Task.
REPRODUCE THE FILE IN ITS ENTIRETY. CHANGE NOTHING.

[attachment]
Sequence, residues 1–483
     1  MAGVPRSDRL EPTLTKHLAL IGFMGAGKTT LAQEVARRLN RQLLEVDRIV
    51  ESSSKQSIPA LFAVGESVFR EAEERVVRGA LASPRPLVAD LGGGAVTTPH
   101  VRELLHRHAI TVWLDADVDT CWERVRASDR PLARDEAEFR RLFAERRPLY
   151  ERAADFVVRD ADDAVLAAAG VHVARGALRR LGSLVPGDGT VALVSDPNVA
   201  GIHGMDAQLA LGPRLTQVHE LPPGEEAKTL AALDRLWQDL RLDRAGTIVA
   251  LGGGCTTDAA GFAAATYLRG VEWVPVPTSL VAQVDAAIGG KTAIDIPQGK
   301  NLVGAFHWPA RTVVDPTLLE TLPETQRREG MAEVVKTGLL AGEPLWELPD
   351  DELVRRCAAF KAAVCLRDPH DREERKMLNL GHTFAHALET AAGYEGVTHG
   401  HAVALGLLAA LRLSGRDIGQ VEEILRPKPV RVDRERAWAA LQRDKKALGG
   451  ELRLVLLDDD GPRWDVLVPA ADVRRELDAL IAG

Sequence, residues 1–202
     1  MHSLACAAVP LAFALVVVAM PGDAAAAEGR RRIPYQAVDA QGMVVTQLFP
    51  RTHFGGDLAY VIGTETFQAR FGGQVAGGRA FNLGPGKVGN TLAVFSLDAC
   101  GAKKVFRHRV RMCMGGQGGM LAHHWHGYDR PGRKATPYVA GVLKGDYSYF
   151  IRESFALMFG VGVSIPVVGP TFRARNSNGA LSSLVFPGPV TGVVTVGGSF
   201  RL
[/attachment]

Sequence, residues 1–483
     1  MAGVPRSDRL EPTLTKHLAL IGFMGAGKTT LAQEVARRLN RQLLEVDRIV
    51  ESSSKQSIPA LFAVGESVFR EAEERVVRGA LASPRPLVAD LGGGAVTTPH
   101  VRELLHRHAI TVWLDADVDT CWERVRASDR PLARDEAEFR RLFAERRPLY
   151  ERAADFVVRD ADDAVLAAAG VHVARGALRR LGSLVPGDGT VALVSDPNVA
   201  GIHGMDAQLA LGPRLTQVHE LPPGEEAKTL AALDRLWQDL RLDRAGTIVA
   251  LGGGCTTDAA GFAAATYLRG VEWVPVPTSL VAQVDAAIGG KTAIDIPQGK
   301  NLVGAFHWPA RTVVDPTLLE TLPETQRREG MAEVVKTGLL AGEPLWELPD
   351  DELVRRCAAF KAAVCLRDPH DREERKMLNL GHTFAHALET AAGYEGVTHG
   401  HAVALGLLAA LRLSGRDIGQ VEEILRPKPV RVDRERAWAA LQRDKKALGG
   451  ELRLVLLDDD GPRWDVLVPA ADVRRELDAL IAG

Sequence, residues 1–202
     1  MHSLACAAVP LAFALVVVAM PGDAAAAEGR RRIPYQAVDA QGMVVTQLFP
    51  RTHFGGDLAY VIGTETFQAR FGGQVAGGRA FNLGPGKVGN TLAVFSLDAC
   101  GAKKVFRHRV RMCMGGQGGM LAHHWHGYDR PGRKATPYVA GVLKGDYSYF
   151  IRESFALMFG VGVSIPVVGP TFRARNSNGA LSSLVFPGPV TGVVTVGGSF
   201  RL